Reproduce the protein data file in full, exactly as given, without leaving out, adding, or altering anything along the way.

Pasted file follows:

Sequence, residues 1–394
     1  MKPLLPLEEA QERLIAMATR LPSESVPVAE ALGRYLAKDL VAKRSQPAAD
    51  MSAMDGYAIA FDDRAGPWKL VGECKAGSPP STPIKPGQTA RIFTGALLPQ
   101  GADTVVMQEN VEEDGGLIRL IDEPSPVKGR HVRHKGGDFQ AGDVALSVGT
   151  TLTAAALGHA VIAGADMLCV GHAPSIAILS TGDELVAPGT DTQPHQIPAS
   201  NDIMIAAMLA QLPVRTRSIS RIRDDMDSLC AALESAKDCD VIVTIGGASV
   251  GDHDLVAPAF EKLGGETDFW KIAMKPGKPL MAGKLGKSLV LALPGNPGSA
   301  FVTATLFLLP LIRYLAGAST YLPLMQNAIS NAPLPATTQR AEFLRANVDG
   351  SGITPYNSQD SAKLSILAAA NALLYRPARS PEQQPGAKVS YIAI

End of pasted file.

Sequence, residues 1–394
     1  MKPLLPLEEA QERLIAMATR LPSESVPVAE ALGRYLAKDL VAKRSQPAAD
    51  MSAMDGYAIA FDDRAGPWKL VGECKAGSPP STPIKPGQTA RIFTGALLPQ
   101  GADTVVMQEN VEEDGGLIRL IDEPSPVKGR HVRHKGGDFQ AGDVALSVGT
   151  TLTAAALGHA VIAGADMLCV GHAPSIAILS TGDELVAPGT DTQPHQIPAS
   201  NDIMIAAMLA QLPVRTRSIS RIRDDMDSLC AALESAKDCD VIVTIGGASV
   251  GDHDLVAPAF EKLGGETDFW KIAMKPGKPL MAGKLGKSLV LALPGNPGSA
   301  FVTATLFLLP LIRYLAGAST YLPLMQNAIS NAPLPATTQR AEFLRANVDG
   351  SGITPYNSQD SAKLSILAAA NALLYRPARS PEQQPGAKVS YIAI